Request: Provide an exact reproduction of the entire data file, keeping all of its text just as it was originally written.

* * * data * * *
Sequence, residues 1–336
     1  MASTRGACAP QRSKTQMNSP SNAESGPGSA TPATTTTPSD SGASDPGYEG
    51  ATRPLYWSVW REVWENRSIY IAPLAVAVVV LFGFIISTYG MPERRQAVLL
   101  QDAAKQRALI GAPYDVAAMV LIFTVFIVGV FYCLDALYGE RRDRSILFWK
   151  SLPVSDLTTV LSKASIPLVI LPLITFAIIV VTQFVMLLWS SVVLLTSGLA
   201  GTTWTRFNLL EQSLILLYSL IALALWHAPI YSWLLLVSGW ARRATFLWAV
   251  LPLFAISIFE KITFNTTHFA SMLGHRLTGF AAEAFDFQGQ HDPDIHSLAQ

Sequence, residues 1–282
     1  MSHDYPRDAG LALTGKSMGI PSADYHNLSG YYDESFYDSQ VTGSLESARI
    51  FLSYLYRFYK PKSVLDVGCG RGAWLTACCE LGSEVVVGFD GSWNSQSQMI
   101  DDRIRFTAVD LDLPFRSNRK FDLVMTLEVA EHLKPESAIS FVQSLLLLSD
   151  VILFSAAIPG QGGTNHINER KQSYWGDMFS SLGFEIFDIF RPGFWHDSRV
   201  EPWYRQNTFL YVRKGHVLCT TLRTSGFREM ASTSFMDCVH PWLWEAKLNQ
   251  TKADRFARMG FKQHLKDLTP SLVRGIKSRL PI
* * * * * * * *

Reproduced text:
Sequence, residues 1–336
     1  MASTRGACAP QRSKTQMNSP SNAESGPGSA TPATTTTPSD SGASDPGYEG
    51  ATRPLYWSVW REVWENRSIY IAPLAVAVVV LFGFIISTYG MPERRQAVLL
   101  QDAAKQRALI GAPYDVAAMV LIFTVFIVGV FYCLDALYGE RRDRSILFWK
   151  SLPVSDLTTV LSKASIPLVI LPLITFAIIV VTQFVMLLWS SVVLLTSGLA
   201  GTTWTRFNLL EQSLILLYSL IALALWHAPI YSWLLLVSGW ARRATFLWAV
   251  LPLFAISIFE KITFNTTHFA SMLGHRLTGF AAEAFDFQGQ HDPDIHSLAQ

Sequence, residues 1–282
     1  MSHDYPRDAG LALTGKSMGI PSADYHNLSG YYDESFYDSQ VTGSLESARI
    51  FLSYLYRFYK PKSVLDVGCG RGAWLTACCE LGSEVVVGFD GSWNSQSQMI
   101  DDRIRFTAVD LDLPFRSNRK FDLVMTLEVA EHLKPESAIS FVQSLLLLSD
   151  VILFSAAIPG QGGTNHINER KQSYWGDMFS SLGFEIFDIF RPGFWHDSRV
   201  EPWYRQNTFL YVRKGHVLCT TLRTSGFREM ASTSFMDCVH PWLWEAKLNQ
   251  TKADRFARMG FKQHLKDLTP SLVRGIKSRL PI